Doctors Without Borders on Sunday closed its bombed-out hospital in the Afghanistan city of Kunduz and evacuated its personnel, amid no shortage of controversy over the US-led airstrikes that killed 19 at the trauma center Saturday. The medical charity known by French initials MSF did not go quietly, reports the New York Times, saying in a statement that "Kabul and Washington were clearly informed of the (GPS coordinates) of the MSF facilities," and that bombing continued for 30 minutes anyway. The US, which initially acknowledged "collateral damage" may have occurred, appeared to dig in on its self-defense, with the top American general in the country saying the military action "was conducted against insurgents who were directly firing upon US service members."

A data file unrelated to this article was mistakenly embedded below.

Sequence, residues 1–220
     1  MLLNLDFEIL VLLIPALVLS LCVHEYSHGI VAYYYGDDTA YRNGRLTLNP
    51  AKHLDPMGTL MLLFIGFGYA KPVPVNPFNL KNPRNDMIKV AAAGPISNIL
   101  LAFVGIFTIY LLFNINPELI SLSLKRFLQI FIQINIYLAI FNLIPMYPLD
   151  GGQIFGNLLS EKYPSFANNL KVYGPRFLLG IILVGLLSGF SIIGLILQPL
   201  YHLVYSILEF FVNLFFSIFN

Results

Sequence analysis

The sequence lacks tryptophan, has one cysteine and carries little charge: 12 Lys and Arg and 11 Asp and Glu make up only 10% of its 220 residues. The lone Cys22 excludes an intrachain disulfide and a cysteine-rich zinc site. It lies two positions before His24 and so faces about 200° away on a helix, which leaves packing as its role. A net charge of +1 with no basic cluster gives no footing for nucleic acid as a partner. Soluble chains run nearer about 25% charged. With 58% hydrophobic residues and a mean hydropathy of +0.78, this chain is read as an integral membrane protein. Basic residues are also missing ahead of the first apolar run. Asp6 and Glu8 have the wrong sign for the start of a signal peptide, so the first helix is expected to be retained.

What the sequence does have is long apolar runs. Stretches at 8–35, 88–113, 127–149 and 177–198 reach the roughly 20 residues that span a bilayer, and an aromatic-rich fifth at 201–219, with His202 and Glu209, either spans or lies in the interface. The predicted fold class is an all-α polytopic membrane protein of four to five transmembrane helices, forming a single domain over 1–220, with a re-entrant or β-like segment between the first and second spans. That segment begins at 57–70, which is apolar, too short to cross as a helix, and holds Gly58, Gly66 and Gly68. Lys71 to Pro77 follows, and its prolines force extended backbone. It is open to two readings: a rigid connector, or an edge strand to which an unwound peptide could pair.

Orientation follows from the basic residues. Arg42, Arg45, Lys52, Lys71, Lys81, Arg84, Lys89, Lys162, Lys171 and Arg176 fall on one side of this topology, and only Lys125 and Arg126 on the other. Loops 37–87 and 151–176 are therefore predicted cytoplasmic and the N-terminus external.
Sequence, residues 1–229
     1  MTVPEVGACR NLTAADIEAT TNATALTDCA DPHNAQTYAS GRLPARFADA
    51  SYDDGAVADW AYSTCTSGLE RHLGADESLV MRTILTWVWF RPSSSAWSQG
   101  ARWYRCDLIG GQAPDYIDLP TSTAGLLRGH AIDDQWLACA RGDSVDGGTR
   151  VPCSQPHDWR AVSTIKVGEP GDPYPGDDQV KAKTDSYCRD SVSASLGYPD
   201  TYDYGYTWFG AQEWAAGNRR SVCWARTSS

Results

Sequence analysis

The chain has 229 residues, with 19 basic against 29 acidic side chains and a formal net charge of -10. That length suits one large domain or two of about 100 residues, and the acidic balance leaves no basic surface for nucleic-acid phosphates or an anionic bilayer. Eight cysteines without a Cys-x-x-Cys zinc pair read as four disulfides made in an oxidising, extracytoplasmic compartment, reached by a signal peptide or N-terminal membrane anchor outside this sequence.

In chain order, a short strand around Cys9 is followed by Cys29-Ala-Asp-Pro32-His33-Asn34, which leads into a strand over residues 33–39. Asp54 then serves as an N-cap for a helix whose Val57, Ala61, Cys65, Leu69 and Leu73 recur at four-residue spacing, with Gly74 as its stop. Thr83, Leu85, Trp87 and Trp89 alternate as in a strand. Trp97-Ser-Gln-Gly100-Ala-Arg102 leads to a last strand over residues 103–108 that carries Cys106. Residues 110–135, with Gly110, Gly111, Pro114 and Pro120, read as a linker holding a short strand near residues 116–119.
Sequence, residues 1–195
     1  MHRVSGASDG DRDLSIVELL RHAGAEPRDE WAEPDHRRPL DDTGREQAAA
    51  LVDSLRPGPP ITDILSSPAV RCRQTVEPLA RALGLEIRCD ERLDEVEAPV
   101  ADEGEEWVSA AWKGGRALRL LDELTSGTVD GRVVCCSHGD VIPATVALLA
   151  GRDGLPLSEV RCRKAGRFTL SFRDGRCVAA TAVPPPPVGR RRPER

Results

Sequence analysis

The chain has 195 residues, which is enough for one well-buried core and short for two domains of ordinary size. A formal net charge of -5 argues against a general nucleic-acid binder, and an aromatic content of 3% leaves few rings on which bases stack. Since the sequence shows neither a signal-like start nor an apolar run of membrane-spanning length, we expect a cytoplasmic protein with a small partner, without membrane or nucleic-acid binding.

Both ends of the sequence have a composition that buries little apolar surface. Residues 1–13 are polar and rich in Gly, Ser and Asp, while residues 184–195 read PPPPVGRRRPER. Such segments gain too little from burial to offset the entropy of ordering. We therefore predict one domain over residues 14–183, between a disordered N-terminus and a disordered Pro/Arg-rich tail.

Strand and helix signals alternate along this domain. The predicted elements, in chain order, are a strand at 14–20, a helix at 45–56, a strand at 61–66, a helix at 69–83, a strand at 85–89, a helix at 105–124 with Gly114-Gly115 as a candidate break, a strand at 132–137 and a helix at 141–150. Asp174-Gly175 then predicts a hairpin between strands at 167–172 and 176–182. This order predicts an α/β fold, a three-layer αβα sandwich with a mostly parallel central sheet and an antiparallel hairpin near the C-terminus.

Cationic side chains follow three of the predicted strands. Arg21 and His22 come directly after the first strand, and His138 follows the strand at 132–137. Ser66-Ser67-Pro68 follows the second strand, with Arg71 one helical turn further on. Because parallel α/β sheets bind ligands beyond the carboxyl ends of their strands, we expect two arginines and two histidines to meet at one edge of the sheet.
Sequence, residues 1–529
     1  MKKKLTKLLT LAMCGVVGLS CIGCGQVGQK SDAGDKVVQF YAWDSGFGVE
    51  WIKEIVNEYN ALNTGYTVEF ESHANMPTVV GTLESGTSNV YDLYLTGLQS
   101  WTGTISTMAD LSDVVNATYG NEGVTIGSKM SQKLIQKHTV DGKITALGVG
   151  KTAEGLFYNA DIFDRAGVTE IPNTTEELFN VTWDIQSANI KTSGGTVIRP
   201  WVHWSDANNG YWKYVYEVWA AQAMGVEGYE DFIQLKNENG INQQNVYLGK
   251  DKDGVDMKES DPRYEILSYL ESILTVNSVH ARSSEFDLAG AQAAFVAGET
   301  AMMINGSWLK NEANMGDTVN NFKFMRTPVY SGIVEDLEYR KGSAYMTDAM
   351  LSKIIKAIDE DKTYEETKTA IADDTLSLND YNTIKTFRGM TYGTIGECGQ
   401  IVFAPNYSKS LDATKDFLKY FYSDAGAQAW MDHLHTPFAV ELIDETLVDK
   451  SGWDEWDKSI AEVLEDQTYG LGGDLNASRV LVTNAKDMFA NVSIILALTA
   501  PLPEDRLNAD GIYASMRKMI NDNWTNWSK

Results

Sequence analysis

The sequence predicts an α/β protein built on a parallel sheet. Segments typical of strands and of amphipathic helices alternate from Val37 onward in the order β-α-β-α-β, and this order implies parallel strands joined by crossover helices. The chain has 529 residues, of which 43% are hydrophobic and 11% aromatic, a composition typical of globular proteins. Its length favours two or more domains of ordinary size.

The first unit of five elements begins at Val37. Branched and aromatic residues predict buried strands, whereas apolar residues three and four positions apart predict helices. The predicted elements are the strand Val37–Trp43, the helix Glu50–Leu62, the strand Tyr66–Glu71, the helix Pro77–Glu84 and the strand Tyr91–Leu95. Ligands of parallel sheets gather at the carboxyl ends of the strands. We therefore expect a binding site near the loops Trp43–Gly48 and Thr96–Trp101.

The acting governor of Kunduz province took that a step further, reports the Washington Post, saying the hospital was "a Taliban base" from which various attacks across Kunduz had been staged. "The hospital campus was 100 percent used by the Taliban," he said, adding that "we tolerated their firing for some time" before the strikes were ordered. MSF dismissed that claim—though the Wall Street Journal notes that it treats all who require treatment, even militants—saying that "bombing a fully functioning hospital can never be justified" and that "the gates of the hospital were all closed so no one that is not a staff, a patient or a caretaker was inside the hospital when the bombing happened." An investigation is likely coming, with the UN high commissioner for human rights calling the attack "utterly tragic, inexcusable and, possibly, even criminal," suggesting that if the US knew it was striking a hospital, war crimes charges could result. (Read more Kunduz, Afghanistan stories.)